Sunday, September 27, 2015

Ben McDonald, High Expectations - 1

Originally published Sept. 19, 2011
Going into the 1989 draft, Ben McDonald was going to be the top pick and everyone knew it. All he had to do was live up to those high expectations.

That, McDonald recalled to The New York Times 20 years later, was a lot of pressure to put on a young kid fresh out of college.

"You start to believe things," McDonald told The Times on the occasion of another surefire No. 1's selection, Stephen Strasburg. "I remember when Frank Robinson, my manager, told me, 'I think you're gonna win 20 games.' I’m like, 'I don't even know how to pitch yet.' I remember walking out of the office thinking, holy cow, that's a lot of pressure. I worry for Strasburg in that regard."

While Strasburg still has time to show why he was taken top overall, McDonald never quite lived up to those early expectations. McDonald's career lasted a respectable nine seasons, but it was shortened by injury.

He also never won 20 in the show, though he did top 10 wins four times, getting 14 in the strike-shortened 1994 season.

Those high expectations for McDonald started at LSU. In 1989 at the school, McDonald went 14-3, with 194 strikeouts, The Associated Press wrote. He also won two games in the 1988 Olympics.

He also had much success, after giving up a game-winning grand slam in an elimination game of the 1987 College World Series, Sports Illustrated wrote in May 1989. It was a game that, despite his success, stuck with McDonald, the magazine wrote.

"Whenever I get to feeling a little bigheaded or think I'm on top of the world, it brings me back down to earth," McDonald told SI. "I just remember where I came from and what I've been through and what it took me to get where I am now."

Where McDonald soon was was the majors. It took him some time to sign, even threatening to jump to a proposed league that never took the field, but he debuted with Baltimore that Sept. 6. He'd gotten just two starts in the minors, at class-A Frederick.

In six outings, all in relief, McDonald went 7.1 innings, giving up seven earned runs. His season the next year started off with some injuries and he started at AAA Rochester.

Called up in July, McDonald got his first major league start July 21. He also showed the brilliance that was expected, throwing a complete-game shutout.

"It's great to see him finish like that," Orioles manager Frank Robinson told The Los Angeles Times afterward. "He went right after the hitters."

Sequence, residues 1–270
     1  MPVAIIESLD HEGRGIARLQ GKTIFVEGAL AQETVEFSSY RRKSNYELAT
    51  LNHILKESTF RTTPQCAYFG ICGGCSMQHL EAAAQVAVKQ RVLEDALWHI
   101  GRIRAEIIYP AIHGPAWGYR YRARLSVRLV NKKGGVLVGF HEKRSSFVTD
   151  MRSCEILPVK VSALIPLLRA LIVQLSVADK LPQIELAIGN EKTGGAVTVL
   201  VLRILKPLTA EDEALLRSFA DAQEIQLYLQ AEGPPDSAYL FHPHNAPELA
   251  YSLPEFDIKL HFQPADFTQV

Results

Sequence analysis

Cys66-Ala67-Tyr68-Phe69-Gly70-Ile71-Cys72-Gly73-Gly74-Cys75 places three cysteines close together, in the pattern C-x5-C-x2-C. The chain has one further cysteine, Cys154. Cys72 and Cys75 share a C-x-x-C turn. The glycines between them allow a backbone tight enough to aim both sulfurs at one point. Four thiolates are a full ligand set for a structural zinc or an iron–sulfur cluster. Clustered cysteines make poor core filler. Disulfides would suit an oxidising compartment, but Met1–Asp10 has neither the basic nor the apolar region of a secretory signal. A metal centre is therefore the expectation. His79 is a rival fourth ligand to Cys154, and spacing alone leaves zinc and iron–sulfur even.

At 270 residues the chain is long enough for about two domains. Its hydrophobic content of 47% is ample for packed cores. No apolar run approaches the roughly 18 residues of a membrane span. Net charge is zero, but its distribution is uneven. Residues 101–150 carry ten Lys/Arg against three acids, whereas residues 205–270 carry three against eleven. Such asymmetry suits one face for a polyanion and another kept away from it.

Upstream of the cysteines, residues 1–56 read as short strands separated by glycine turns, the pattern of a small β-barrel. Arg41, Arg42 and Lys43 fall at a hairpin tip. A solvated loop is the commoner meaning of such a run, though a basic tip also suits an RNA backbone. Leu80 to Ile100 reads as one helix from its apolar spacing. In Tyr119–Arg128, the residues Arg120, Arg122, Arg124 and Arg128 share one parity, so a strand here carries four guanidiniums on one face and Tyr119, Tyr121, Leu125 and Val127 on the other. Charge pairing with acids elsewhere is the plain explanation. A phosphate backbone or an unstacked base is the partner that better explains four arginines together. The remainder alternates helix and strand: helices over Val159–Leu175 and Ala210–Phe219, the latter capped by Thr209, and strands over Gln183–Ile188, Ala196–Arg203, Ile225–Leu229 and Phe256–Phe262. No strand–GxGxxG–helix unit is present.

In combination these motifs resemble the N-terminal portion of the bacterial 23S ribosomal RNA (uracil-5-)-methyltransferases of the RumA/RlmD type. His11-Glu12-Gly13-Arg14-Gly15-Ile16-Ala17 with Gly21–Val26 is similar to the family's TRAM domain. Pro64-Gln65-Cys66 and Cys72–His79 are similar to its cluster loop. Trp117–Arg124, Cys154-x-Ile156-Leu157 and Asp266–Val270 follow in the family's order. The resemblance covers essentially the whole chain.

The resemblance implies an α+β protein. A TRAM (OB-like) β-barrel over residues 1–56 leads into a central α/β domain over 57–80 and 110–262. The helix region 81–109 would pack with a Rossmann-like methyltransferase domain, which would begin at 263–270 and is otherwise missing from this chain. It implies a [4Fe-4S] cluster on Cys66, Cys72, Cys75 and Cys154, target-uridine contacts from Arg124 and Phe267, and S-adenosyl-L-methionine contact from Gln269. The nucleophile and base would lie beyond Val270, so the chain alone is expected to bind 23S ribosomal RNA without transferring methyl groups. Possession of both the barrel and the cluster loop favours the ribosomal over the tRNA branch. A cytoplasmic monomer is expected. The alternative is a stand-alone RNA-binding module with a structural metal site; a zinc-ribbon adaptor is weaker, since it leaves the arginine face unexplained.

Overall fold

McDonald went on to get 15 starts on the year, finishing 1990 with an 8-5 record and a 2.43 ERA. By May 1991, though, McDonald was injured again, with a sore elbow, The Baltimore Sun wrote.

Called back July 1, McDonald went eight innings, giving up just two hits. In 21 starts, though, McDonald went 6-8, with a 4.84 ERA.

After picking up 13 wins to 14 losses in 1992, McDonald posted another 13 wins in 1993, to 14 losses. That second year, he had a 3.39 ERA.

In 1994, he started the season 6-0, with an ERA of 2.33. Talk was, McDonald was finally meeting some of those expectations, The Sun wrote.

"Pitching coaches and other pitchers talked to me a lot, but for me there is no substitute for experience," McDonald told The Sun. "It never really sunk in until I got out on the mound and did it myself, experienced some failure, had some success."

He ended up going 14-7 that year by the mid-August strike deadline, with an ERA of 4.06. More arm problems in 1995, though, limited his season to 13 starts and a 3-6 record. For 1996, he signed with the Brewers.

McDonald went 12-10 for the Brewers that year. But, by July 1997, McDonald was done. Looking at a torn rotator cuff, McDonald never pitched in the majors again.

Back in 2009, as interest in his own selection top overall peaked as Strasburg's selection neared, USA Today caught up with McDonald at his Louisiana home. McDonald told the paper he always kept his career in perspective.

"Don't feel sorry for me," McDonald told USA Today. "There were other things I wanted to accomplish but didn't. But I still got to play in the big leagues. I still made a good living. I could have been hurt and out of the game my first year."

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